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Gary Trask

Gary  Trask
Gary serves as Casino City's managing editor and has worked as a writer and editor more than 20 years. The Boston native was a member of the Poker Hall of Fame's inaugural Media Committee.

Contact Gary at gary@casinocity.com and follow him on Twitter at @CasinoCityGT.

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Top 10 random observations from the WSOP Main Event

18 Jul 2017

By Gary Trask
LAS VEGAS -- Spend more than 50 hours over six consecutive days watching the spectacle that is the World Series of Poker Main Event, and you're bound to come away with a notebook bursting with random thoughts and observations. Here are just 10 of the many items that drifted through this poker-overloaded brain over the last week while I was roaming around the Rio All-Suite Hotel & Casino.

10. The PokerGo/Poker Central/ESPN marriage is a home run
Poker Central's live streaming of the WSOP on PokerGO has been a fantastic addition this year. It has done a remarkable job of enhancing the usual excellent coverage that ESPN has produced over the years.

"It's been different, for sure, but it seems like whatever coverage we provide, the people want more," Lon McEachern told us over the weekend. "And that's a good sign."

McEachern, Norman Chad and Antonio Esfandiari remain the "A" announcing team, and for good reason. Their chemistry is terrific. Chad is as quick-witted as it gets, and you won’t get better insights from a more credible source than The Magician.

The trio got relief on PokerGO from Ali Nejad and a rotating roster of commentators, most of whom have been excellent, particularly Phil Laak.

But the best and most compelling breakdown comes from the anchor desk during breaks in the action. Kara Scott, an accomplished poker pro herself who is superb at steering the ship, has been joined by the likes of Maria Ho, Phil Hellmuth, Daniel Negreanu and David Williams, all of whom have provided astute and entertaining analysis.

Poker on TV has never been better, and it’s a credit not only to the pretty faces on air, but to the dozens of talented producers and assistants that have been running around the Rio All-Suite Hotel & Casino all summer, digging up interesting tidbits and information about the players.




9. Live stream has been a game-changer
With the increased semi-live coverage on ESPN over the years and the addition of PokerGO comes the opportunity for players — and their friends, advisors and coaches — to watch the coverage on delay and then see what their opponents' hole cards were in specific hands. In other words, from a strategic standpoint, it's huge.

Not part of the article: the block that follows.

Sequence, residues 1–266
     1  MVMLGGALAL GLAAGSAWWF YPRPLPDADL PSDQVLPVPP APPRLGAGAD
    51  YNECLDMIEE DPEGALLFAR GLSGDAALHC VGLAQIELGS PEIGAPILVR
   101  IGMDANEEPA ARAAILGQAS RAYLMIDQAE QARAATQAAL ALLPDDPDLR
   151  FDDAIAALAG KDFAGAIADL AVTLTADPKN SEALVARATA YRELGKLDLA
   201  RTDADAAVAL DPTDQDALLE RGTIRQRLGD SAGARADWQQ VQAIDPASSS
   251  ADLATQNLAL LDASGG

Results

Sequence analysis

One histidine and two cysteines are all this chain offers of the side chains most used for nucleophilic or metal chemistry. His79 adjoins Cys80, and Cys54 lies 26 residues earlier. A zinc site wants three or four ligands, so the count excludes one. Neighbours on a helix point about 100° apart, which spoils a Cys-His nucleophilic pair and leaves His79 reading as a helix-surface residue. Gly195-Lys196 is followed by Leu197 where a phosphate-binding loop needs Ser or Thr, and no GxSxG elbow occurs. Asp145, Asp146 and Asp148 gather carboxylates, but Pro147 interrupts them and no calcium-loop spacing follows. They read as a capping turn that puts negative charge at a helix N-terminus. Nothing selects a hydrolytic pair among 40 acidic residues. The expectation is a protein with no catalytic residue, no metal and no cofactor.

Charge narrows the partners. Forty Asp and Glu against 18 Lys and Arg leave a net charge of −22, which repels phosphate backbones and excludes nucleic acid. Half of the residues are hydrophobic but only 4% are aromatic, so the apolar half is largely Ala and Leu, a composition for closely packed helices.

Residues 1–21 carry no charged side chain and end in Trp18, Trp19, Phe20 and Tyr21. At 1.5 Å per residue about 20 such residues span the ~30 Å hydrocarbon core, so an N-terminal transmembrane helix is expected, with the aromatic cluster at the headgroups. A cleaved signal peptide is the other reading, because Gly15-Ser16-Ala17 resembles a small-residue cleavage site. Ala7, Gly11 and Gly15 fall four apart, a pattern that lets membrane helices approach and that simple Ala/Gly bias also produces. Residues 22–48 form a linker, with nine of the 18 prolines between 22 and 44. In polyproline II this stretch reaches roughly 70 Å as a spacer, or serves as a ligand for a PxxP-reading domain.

"It's today's technology and it's become a big part of the game," 2013 WSOP Main Event champ Ryan Riess told us on Monday night as railed his friends Scott Stewart and Ben Lamb. "You have to use every edge you can get, and that's something that can really help you, so I think you'd be crazy not to take advantage."

8. Healthy diets more prevalent
It's been interesting to watch the eating habits of WSOP players change over the years. My first year covering the WSOP was in 2008, and since that time, it appears the diets of the players have improved dramatically. Instead of pizza, fries and alcoholic beverages at the table, you see a lot more sushi rolls, fruit and water.

This year, All American Dave set up shop outside the Rio in the parking lot in the exact same spot where, back in the day, the Poker Kitchen used to sit. All American Dave offers a "macronutrient balanced menu" with enriched vegetables, low glycemic carbohydrates, healthy fats, no heated oil, gluten-free options and 100% organic fruit protein shakes. Players could set up meal plans, order their food via Twitter and have it delivered to their table.

"I definitely think players these days are living a healthier lifestyle, and it starts with diet," said 888 Poker ambassador Sofia Lovgren, the 26-year-old Swedish pro with 11 career WSOP cashes, including her first in the Main Event this year. "It's quite boring, but I drink lots of water, and eat tons of fruit and nuts, as well. It helps you handle the long hours much better. I can play long hours without getting tired if I eat right, get a good night's sleep and exercise."

Further proof that players these days take being fit seriously? Benjamin Pollack told Kara Scott that during Monday night's 90-minute dinner break, he ducked into the gym for a quick workout.